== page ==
# Fourier Series coefficients/Trigonometric functions

I need some help about finding the Fourier Series coefficient of the given signal; $$x(t) = \sin(10\pi t + \frac {\pi}{6} )$$

I know that,

$$a_{k} = \frac{1}{T}\int_{0}^{T} x(t)e^{-jkw_{0}t}dt$$

but substituting $\sin(10t + \frac {\pi}{6})$ in to that formula and taking the integral is really hard.

I'm pretty sure that something can be done by using the fact that

$$x(t) = \sum_{k = -\infty}^{\infty} a_{k}e^{jkw_{0}t}dt$$ $$\sin(t) = \frac {e^{jt} - e^{-jt}}{2j}$$

Need some help, thanks.

• Write $x(t) = \sin (10t)\cos \frac{\pi}{6} + \sin \frac{\pi}{6} \cos (10t)$. – Daniel Fischer Nov 24 '13 at 15:35
• What is $T$ here? $2 \pi$? – copper.hat Nov 24 '13 at 16:18
• Is $x(t) = \sin (10t + \frac{\pi}{6})$ or $x(t) = \sin (10\pi t + \frac{\pi}{6})$? (You have both above.) – copper.hat Nov 24 '13 at 16:41
• $x(t) = \sin(10\pi t + \frac {\pi}{6} )$ I have corrected it. – cecemelly Nov 24 '13 at 16:49
• Still looks the same above. Are you sure that $T= \frac{1}{5 \pi}$? This $x$ is $\frac{1}{5}$-periodic. – copper.hat Nov 24 '13 at 16:56

Suppose $\hat{f}_k = \frac{1}{T} \int_0^T e^{-i k 2 \pi \frac{t}{T}} f(t) dt$, and $f$ is $T$-periodic. Let $\phi(t) = f(t-t_0)$, then you have $\hat{\phi}_k = \frac{1}{T} \int_0^T e^{-i k 2 \pi \frac{t}{T}} f(t-t_0)dt = \frac{1}{T} \int_0^T e^{-i k 2 \pi \frac{(t+t_0)}{T}} f(t)dt = e^{-i k 2 \pi \frac{t_0}{T}} \hat{f}_k$.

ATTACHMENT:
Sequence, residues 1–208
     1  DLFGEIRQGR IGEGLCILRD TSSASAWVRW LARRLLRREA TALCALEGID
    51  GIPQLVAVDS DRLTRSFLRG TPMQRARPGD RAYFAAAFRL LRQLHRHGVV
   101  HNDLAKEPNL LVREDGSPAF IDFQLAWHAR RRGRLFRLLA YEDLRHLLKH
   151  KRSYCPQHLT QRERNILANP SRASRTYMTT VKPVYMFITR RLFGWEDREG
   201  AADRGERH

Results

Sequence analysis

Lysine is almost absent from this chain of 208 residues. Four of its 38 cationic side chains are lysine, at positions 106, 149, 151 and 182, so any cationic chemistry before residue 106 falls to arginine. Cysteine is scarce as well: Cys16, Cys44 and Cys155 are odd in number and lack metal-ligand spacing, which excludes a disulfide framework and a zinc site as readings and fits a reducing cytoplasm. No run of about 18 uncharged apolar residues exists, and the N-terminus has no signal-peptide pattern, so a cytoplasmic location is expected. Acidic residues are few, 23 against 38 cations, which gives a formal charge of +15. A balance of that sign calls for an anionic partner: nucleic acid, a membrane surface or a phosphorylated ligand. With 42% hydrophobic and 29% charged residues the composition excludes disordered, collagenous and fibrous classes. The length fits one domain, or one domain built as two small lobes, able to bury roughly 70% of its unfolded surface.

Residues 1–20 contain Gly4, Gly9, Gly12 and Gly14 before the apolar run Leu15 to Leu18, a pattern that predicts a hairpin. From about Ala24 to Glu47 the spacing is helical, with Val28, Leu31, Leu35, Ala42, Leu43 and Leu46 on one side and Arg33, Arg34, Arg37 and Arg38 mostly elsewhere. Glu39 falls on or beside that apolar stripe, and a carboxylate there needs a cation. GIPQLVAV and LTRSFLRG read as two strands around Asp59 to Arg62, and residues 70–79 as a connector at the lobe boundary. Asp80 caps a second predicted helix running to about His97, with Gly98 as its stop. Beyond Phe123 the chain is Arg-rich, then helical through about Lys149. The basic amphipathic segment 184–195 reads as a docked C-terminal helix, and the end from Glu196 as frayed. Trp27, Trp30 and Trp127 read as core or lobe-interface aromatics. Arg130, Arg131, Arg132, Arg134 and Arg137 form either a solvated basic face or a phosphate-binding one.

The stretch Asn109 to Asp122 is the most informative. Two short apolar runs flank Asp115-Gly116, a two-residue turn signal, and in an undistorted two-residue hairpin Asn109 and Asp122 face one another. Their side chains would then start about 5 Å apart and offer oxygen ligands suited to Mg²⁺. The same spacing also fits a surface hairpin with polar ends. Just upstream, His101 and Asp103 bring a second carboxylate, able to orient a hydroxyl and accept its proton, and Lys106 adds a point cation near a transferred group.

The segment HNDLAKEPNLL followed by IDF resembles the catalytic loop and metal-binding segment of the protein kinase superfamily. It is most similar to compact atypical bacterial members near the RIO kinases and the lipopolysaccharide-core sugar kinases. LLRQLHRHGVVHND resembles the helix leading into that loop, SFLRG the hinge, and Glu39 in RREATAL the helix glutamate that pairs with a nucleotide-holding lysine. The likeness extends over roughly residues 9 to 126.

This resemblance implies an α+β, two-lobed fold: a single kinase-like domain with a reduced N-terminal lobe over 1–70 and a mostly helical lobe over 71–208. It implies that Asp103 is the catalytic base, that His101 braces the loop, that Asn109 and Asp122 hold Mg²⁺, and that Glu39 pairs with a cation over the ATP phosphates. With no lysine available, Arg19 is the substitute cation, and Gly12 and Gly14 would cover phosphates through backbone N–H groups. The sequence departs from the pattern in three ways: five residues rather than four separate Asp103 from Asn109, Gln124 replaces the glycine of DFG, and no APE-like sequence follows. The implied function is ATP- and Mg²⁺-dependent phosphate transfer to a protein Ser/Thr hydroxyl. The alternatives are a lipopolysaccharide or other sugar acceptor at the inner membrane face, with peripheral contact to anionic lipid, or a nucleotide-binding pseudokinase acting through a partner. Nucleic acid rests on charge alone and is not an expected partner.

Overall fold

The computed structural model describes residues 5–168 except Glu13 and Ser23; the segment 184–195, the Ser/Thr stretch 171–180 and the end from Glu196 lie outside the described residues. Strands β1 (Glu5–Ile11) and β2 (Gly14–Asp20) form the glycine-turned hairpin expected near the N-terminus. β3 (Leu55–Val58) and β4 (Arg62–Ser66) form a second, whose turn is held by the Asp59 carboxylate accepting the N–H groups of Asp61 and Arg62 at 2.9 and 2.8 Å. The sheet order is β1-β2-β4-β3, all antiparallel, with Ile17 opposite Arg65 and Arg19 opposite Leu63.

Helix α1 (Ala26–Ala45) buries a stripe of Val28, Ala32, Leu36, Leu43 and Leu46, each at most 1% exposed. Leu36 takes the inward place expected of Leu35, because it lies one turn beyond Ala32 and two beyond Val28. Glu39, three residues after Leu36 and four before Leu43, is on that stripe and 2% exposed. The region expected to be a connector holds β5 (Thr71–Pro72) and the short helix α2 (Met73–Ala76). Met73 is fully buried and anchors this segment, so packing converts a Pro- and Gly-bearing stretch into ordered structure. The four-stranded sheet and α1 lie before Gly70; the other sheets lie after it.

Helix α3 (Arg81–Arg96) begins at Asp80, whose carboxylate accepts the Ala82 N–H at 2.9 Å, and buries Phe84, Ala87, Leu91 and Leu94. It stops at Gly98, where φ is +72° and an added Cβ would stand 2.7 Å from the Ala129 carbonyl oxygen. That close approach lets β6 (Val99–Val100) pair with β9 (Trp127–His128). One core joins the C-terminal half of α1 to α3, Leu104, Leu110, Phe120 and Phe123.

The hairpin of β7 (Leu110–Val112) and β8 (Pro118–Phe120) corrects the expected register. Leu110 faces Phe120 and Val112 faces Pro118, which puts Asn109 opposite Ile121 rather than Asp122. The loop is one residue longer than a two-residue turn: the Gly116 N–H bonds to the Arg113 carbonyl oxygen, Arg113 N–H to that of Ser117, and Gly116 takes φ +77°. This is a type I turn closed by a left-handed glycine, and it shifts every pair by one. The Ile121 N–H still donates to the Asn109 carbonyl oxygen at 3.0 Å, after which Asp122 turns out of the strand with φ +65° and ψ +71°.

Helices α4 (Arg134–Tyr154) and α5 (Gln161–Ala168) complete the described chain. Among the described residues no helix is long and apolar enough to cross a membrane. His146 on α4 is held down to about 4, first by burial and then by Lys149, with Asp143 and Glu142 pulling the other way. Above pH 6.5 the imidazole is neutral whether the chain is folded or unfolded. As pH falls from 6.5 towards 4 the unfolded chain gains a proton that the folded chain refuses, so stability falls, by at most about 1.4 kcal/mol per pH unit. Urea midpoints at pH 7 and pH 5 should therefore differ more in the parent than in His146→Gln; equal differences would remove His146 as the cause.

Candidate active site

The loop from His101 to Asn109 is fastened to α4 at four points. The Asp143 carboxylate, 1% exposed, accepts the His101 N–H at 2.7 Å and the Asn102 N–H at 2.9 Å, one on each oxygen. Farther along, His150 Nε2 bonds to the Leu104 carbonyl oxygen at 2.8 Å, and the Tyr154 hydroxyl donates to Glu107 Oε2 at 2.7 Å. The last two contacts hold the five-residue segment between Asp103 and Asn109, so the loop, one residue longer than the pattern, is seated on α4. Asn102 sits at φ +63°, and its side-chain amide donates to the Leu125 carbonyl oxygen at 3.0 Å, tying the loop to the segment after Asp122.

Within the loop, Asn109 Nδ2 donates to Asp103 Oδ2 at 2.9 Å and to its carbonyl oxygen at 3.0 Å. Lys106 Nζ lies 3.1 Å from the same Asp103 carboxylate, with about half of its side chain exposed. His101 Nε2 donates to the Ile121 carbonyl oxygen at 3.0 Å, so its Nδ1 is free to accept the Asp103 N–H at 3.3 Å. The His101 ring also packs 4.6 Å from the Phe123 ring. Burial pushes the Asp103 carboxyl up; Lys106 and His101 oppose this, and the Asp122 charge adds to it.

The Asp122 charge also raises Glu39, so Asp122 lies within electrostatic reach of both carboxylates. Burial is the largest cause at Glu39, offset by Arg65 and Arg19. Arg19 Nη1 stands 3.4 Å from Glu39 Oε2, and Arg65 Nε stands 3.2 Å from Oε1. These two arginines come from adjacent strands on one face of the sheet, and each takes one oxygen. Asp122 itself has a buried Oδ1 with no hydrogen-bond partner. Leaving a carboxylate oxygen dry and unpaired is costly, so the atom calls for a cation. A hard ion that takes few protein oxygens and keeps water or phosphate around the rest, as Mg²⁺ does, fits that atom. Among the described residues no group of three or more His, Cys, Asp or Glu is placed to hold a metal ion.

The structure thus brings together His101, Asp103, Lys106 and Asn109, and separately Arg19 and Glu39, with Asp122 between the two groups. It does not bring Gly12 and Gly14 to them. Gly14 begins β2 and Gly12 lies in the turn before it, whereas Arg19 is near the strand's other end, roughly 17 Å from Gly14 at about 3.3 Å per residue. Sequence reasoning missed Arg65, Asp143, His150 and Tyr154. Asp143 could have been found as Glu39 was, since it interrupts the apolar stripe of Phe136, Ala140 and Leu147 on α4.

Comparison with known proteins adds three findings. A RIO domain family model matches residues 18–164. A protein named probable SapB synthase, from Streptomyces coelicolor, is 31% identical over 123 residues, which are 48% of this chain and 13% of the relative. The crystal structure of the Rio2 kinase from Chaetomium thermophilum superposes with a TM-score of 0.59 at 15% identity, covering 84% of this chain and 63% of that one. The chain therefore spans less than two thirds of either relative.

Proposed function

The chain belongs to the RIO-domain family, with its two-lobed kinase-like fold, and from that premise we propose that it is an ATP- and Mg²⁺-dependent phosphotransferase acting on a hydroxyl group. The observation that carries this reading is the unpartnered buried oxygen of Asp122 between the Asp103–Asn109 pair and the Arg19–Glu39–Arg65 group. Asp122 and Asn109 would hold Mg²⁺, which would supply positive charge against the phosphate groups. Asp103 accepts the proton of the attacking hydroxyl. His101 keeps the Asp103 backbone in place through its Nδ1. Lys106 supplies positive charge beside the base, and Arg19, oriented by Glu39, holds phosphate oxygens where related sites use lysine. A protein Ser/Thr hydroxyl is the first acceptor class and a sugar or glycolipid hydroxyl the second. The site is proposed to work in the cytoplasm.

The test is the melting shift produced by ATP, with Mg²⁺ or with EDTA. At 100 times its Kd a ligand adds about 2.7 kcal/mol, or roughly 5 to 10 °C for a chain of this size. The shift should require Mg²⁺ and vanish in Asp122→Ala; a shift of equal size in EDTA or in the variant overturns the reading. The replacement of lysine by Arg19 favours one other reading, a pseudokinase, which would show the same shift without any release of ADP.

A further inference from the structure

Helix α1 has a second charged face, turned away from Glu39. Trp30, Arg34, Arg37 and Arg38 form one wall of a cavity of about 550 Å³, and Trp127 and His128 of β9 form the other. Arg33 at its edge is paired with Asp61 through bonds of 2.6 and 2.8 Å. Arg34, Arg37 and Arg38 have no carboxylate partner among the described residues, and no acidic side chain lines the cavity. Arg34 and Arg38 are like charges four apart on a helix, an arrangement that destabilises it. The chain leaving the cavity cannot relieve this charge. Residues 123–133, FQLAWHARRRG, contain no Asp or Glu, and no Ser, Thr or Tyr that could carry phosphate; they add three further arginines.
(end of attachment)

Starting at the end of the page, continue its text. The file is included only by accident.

Assuming that $f(t) = \sin (10 \pi t)$ and $T= \frac{1}{5}$ we have $f(t) = \frac{1}{2i} (e^{i10 \pi t} - e^{-i10 \pi t}) = \frac{1}{2i} (e^{i2 \pi \frac{t}{T}} - e^{-i2 \pi \frac{t}{T}})$, and we can read off the Fourier coefficients as $\hat{f}_1 = \frac{1}{2 i}$, $\hat{f}_{-1} = -\frac{1}{2i}$ and all other $\hat{f}_k = 0$.

Since $x(t) = f(t+\frac{1}{60})$, the above formula (with $t_0 = -\frac{1}{60}$) gives $\hat{x}_1 = \frac{1}{2 i}e^{i \frac{\pi}{6}}$, $\hat{x}_{-1} = -\frac{1}{2 i}e^{-i \frac{\pi}{6}}$ and all other $\hat{x}_k = 0$.

Alternative: You could work directly from the expansion of $\sin ( 10 \pi t) = \frac{1}{2i} (e^{i2 \pi \frac{t}{T}} - e^{-i2 \pi \frac{t}{T}})$ to get $x(t) = \sin ( 10 \pi(t+\frac{1}{60})) = \frac{1}{2i} (e^{i2 \pi \frac{(t+\frac{1}{60})}{T}} - e^{-i2 \pi \frac{(t+\frac{1}{60})}{T}}) = \frac{1}{2i} (e^{i \frac{\pi}{6}} e^{i2 \pi \frac{t}{T}} - e^{-i \frac{\pi}{6}} e^{-i2 \pi \frac{t}{T}})$, from which we can read off the coefficient of $t \to e^{i2 \pi \frac{t}{T}}$ to get $\hat{x}_1$, and similarly for $\hat{x}_{-1}$.

• Thank you so much, your answer helped me to find the exact answer. – cecemelly Nov 24 '13 at 17:34
• Delighted to help. – copper.hat Nov 24 '13 at 17:35

$$x(t) = \sin(10\pi t + \frac {\pi}{6} )$$ $$x(t) = \frac {e^{j(10\pi t + \frac {\pi}{6})} - e^{-j(10\pi t + \frac {\pi}{6})}}{2j}$$ $$x(t) = (\frac{1}{2j}e^{j\frac{\pi}{6}})e^{j10\pi t} - (\frac{1}{2j}e^{-j\frac{\pi}{6}})e^{-j10\pi t}$$ where $T= \frac{1}{5}$ and $w_{0} = 10\pi$

Therefore,

$$a_{0} = 0$$ $$a_{1} = \frac{1}{2j} e^{j\frac{\pi}{6}} = \frac{1}{4} ({\frac{\sqrt3}{j} + 1})$$ $$a_{-1} = \frac{-1}{2j} e^{j\frac{-\pi}{6}} = \frac{1}{4} (1 - {\frac{\sqrt3}{j}})$$ and $$a_{k} = 0\ for \ |k|>1$$

• Looks good. ${}{}{}$ – copper.hat Nov 24 '13 at 17:34

Hint: there is no need for calculations. Just use the formula

$$\sin(a+b) = \sin a cos b + \sin b \cos a ,$$

To get the Fourier series.